“The presentation and research skills gave me an added advantage at acquiring the information through the usage of not only the web but digital encyclopaedias. I was therefore better positioned to acquire relevant information. It changed my mindset and gave me the confidence to do my work to the best of my ability.” At age 11 that is quite something.

“Kamohelo was a kid with a strong will to learn and be part of what technology had to offer. He had huge potential, was a good thinker for programming in Visual Basic and completed courses such as TechnoBlast, TechnoCruise and others. Kamohelo was fun to work with, he has a great sense of humour,” says Jill Hrdliczka. “His father was totally committed to and involved in his son’s learning and attended many of the seminars that we ran for the kids.”

The seminars and conferences covered a range of topics including movie making, video editing, morphing, programming, graphics, the Internet, new developments in hardware and software, music, spreadsheeting, DTP, digital photography and sound. The conferences were described by the kids as “way cool, megacool, awesome, an absolute WOW. The conference crew members were kids, as were some of the speakers, presenters, organisers and admin staff. No doubt about it – the conferences were fun. The first conference in 1995 was described as the first of its kind in the world.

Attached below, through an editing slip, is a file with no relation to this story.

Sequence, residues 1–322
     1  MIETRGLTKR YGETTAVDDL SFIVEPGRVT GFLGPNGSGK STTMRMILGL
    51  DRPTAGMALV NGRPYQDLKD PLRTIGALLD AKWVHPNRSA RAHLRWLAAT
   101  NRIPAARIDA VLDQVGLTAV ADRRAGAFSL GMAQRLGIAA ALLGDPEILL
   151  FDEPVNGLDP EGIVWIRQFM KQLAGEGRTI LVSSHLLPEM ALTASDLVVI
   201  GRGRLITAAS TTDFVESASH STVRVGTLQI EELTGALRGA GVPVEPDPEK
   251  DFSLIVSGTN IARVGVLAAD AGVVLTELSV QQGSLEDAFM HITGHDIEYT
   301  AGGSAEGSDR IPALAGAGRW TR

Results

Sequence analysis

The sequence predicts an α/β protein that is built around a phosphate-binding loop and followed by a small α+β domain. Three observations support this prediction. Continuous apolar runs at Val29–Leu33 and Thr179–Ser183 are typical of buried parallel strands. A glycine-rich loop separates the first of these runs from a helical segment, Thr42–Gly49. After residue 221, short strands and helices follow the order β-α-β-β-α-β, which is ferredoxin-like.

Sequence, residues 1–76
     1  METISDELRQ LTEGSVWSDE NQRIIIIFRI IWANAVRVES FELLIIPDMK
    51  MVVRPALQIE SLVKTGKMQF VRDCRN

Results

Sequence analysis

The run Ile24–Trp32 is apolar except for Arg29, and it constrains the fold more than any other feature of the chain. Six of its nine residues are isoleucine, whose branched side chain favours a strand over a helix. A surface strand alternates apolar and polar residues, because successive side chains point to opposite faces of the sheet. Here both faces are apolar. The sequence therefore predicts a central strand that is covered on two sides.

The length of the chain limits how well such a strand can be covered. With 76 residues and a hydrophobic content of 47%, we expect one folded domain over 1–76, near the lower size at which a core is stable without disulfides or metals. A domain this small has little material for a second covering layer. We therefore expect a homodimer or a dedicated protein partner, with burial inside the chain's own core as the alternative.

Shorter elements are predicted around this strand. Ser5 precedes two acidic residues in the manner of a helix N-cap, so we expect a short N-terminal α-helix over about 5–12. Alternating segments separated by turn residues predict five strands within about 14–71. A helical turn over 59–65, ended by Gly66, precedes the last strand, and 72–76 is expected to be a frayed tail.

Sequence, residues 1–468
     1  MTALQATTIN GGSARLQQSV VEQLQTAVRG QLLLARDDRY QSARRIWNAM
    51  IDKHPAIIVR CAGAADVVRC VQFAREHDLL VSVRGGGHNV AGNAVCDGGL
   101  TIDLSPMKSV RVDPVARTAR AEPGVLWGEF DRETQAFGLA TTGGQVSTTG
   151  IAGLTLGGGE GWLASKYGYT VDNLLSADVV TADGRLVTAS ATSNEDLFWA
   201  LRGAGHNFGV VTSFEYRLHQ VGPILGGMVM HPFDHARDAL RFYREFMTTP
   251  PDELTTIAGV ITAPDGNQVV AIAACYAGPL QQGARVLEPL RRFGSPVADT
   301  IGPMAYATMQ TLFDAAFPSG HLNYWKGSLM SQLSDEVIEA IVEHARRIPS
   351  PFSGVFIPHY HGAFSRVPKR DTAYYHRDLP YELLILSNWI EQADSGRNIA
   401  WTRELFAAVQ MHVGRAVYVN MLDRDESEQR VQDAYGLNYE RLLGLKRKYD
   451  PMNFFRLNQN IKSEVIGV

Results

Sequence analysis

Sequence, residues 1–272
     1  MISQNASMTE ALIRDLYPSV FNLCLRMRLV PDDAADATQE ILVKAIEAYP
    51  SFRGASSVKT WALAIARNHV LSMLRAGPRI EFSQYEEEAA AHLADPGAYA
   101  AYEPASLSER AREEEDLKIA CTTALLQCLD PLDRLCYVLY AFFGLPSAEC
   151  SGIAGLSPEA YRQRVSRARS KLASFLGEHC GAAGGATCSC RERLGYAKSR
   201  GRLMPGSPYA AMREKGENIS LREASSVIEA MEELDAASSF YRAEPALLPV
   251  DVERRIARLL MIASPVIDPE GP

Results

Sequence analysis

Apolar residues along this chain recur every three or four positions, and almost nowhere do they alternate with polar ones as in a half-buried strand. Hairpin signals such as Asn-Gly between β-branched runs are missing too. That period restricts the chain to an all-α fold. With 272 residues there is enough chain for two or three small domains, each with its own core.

“The conferences and seminars were great, not only were the presentations by the mentors great and interactive, but I won a computer from Conference 1996 and appeared in several newspapers, which did wonders for my popularity. All I can say is that I’m grateful to both my parents and Knowledge Network for giving me an added advantage in today’s digital world,” says Kamohelo.

Kamohelo is now 24. He went on to study business management and is now in partnership, with amongst other people, his father, and together they are conceptualiasing an education management system to use technology to better the lives of ordinary South Africans.

Through Knowledge Network, Kamohelo has been equipped with the skills to cope with today and the future – a technology-driven world where information is accessible through the Internet, where all forms of digital communication (including cell phone sms, mms) unites families and friends around the world, and where being able to use a computer as a tool for life and learning means having the ability to earn, to learn, to achieve and to develop oneself.

The Knowledge Network success stories are many. There is Kamohelo. And Paul, who completed all the courses offered by Knowledge Network, who at the age of 12, became a NetAssist to help other kids, a Club Leader, and member of the Knowledge Network mini business. Today Paul is 25, has a B.Com Marketing Management, an Advanced Diploma in Project Management and runs his own events company in the entertainment industry. Both Kamohelo and Paul are well on their way to achieving their goals in life and are having fun.

And there are the Knowledge Network staff members who, since the opening of the company in 1994, have written their own success stories.

And then there’s Greg, and another Greg, Taryn, Eric, Zandi and….

Mr Mandela, from the Knowledge Network kids, teenagers, adults, educators, staff and staff of those schools working with Knowledge Network, we wish you a Happy Birthday.




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Date of update: 18 February 2009